'I had two patients die': Infected nurse's emotional message

A young Melbourne nurse who contracted COVID-19 has pleaded with residents to take it seriously.

The nurse, named only as Daniel, made a video that is gaining national attention where he outlines what it's like to be on the front line.

His experience of running a shift at a Melbourne nursing home and have multiple patients die while he was in charge was shared by the Royal Melbourne Hospital's Facebook page.

"My name's Dan and I'm a registered nurse … I've just been diagnosed with COVID-19 and I'm in hotel isolation," he begins the Facebook video.

 

Dan has been working as a nurse full-time for two years.
Dan has been working as a nurse full-time for two years.

"This year I've really been in the thick of the COVID response and I've seen how devastating the virus can be."

In the video, Daniel says he has been working as a nurse full-time for two years, and he feels mentally scarred by what he's seen.

"Outbreaks started happening in aged care so when the call went out I responded to help out," he says.

"My first shift I was there, I did a nurse-in-charge shift. On that shift I had two patients die.

"My third day was even worse. It was probably one of the most difficult, mentally and physically, shifts that I've ever had."

 

Nurses practice treating ICU cases of coronavirus in Sydney’s Westmead Hospital. Picture: Toby Zerna
Nurses practice treating ICU cases of coronavirus in Sydney’s Westmead Hospital. Picture: Toby Zerna

For his third shift, the young nurse said he spent the whole time jumping between multiple patients who desperately needed oxygen.

One patient kept telling him "it's really hard, it's really hard to breathe".

"I was trying to reassure him as best I could but there really wasn't much we could do," he says in the video.

"Then his family called and they had to say their goodbyes over the phone. It was one of the most heartbreaking things. And then I held his hand until he passed away."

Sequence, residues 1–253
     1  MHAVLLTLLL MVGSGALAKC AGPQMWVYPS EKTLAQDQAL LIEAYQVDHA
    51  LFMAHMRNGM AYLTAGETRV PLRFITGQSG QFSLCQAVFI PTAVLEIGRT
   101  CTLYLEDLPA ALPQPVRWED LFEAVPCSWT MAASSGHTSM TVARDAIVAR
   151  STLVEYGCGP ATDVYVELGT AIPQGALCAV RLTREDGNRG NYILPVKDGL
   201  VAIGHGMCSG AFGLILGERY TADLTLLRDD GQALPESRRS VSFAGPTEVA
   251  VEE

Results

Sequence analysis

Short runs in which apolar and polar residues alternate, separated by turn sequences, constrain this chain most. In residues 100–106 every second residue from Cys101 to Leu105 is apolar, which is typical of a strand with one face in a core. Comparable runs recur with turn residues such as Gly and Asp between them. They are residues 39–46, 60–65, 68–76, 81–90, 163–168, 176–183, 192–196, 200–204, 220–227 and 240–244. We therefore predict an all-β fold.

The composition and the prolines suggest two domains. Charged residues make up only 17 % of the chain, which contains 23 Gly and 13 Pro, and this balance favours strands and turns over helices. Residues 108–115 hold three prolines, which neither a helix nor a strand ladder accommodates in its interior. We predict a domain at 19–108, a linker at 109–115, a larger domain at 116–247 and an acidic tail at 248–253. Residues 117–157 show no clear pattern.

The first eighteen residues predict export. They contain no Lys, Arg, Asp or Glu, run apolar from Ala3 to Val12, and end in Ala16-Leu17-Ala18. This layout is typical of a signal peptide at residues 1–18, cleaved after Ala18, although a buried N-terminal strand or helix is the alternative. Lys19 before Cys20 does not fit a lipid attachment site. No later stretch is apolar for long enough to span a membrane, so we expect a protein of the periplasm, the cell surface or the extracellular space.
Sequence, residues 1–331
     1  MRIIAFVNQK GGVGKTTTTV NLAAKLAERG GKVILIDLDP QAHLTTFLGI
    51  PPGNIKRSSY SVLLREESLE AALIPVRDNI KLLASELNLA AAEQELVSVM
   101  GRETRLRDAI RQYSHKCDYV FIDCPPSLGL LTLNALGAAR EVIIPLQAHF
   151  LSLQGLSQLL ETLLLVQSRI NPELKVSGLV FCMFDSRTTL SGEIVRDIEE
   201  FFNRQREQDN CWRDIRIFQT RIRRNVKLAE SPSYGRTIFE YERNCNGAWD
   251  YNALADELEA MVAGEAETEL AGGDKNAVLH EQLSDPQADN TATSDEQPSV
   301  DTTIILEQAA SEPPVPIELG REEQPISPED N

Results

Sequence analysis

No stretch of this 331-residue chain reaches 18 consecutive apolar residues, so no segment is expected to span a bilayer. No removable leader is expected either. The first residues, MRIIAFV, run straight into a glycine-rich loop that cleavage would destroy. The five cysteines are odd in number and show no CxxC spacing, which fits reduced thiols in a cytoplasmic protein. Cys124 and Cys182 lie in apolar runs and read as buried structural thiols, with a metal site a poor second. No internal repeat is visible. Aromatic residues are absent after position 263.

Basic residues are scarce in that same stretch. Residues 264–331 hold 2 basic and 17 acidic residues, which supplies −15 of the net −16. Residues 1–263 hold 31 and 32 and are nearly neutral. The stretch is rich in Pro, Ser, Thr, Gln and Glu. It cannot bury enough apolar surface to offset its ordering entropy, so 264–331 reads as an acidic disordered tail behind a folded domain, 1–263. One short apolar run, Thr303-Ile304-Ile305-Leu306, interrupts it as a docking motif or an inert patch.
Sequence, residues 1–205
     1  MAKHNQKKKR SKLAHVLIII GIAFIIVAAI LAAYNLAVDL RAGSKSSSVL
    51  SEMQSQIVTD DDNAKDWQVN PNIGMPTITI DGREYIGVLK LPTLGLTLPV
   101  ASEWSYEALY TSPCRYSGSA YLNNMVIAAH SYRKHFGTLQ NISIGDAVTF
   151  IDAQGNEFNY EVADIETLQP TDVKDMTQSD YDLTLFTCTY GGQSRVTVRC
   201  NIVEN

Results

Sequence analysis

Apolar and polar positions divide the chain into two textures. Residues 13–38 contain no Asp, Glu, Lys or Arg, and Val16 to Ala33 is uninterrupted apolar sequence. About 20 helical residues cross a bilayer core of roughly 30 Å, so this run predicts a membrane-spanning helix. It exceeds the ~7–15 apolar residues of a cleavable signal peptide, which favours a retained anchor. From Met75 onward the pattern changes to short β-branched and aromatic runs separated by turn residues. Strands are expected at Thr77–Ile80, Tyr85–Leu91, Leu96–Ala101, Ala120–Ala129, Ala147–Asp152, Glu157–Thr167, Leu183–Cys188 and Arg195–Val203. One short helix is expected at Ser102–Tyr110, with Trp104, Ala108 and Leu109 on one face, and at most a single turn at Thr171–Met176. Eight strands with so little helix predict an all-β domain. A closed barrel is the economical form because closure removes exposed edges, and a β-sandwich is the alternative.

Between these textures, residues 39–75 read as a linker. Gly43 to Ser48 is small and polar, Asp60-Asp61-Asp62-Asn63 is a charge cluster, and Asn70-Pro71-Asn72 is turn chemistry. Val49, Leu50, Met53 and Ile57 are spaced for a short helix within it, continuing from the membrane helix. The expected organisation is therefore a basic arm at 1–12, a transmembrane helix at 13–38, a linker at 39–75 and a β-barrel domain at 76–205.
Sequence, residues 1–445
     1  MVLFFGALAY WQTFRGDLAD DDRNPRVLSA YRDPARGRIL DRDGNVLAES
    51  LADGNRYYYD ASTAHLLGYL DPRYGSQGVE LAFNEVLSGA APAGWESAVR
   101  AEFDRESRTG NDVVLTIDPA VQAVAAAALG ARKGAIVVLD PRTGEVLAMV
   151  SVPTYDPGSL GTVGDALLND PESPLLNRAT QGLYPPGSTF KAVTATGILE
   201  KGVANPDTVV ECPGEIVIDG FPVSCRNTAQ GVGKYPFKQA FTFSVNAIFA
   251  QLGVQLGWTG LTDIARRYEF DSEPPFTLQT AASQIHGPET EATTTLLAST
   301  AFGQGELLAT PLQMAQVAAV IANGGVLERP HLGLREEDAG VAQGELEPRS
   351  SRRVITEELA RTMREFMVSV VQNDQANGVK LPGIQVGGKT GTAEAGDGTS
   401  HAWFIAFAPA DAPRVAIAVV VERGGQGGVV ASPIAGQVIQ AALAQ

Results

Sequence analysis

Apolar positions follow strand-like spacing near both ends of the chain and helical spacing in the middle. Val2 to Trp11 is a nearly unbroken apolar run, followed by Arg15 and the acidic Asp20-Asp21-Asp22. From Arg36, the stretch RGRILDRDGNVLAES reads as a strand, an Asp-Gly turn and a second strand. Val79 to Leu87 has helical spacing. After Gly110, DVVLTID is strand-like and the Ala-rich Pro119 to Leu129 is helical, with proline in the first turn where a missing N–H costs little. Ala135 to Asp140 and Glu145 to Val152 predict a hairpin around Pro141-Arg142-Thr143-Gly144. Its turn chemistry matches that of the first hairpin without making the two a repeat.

Daniel appears emotional in the video after describing patients dying while he was on shift.
Daniel appears emotional in the video after describing patients dying while he was on shift.

The Royal Melbourne Hospital described Daniel as "young" and "fit" but he's still worried about what the coronavirus will do to him.

"Every day I went to work there was this air of nervousness and worry among my colleagues as we all wondered if we were going to get the virus and expose our friends, family to it," he said.

 

And now he has the virus.

"Fast forward 10 days, I've now contracted COVID-19," he said.

"I'd be lying if I didn't say there was a bit of fear and trepidation. I'm lucky that I'm young and young people can bounce back."

Registered Nurse Brigid Algie recovered from the coronavirus, and is spreading the message that coronavirus is not just a disease impacting the elderly — anyone can get it. Picture: Alex Coppel.
Registered Nurse Brigid Algie recovered from the coronavirus, and is spreading the message that coronavirus is not just a disease impacting the elderly — anyone can get it. Picture: Alex Coppel.

Daniel described the huge toll the virus is taking on his body. He took a shower and was panting heavily, as if he had just done a jog.

"You don't want COVID-19," he said.

"I've had intermittent fever, cough, lost my smell, lost my taste.

And then there's also the worry of chronic health conditions. Clots can form, they can go to my heart or my lungs, and I could have a heart attack or a stroke.

"And so right now I'm day six (of having the virus), and that's when some of this stuff can start to happen."

Nurses register people lining up to get tested for coronavirus, at the Royal Melbourne Hospital. Picture: Stuart McEvoy/The Australian.
Nurses register people lining up to get tested for coronavirus, at the Royal Melbourne Hospital. Picture: Stuart McEvoy/The Australian.

He also shared a blunt message for the conspiracy theorists residing in Melbourne.

"I just wanted to say COVID's not a conspiracy - it's a global health emergency. I've seen first-hand what it does. It might suck that we might have to stay inside or wear masks," he said.

"The end goal is we do reduce the cases, and life can return to some semblance of normal"

The video has been shared almost 5000 times on Facebook at time of writing.

The Royal Melbourne Hospital said of the video: "He (Daniel) is sharing his story as he wants this to be over. He wants to let families in to see their loved ones.

"He has had to hold the hands of patients dying of COVID-19, because he didn't want them to die alone. He doesn't want to do that anymore.

"You are the best line of defence. We can do this, but we need your help."

Originally published as Infected nurse's message to Melbourne



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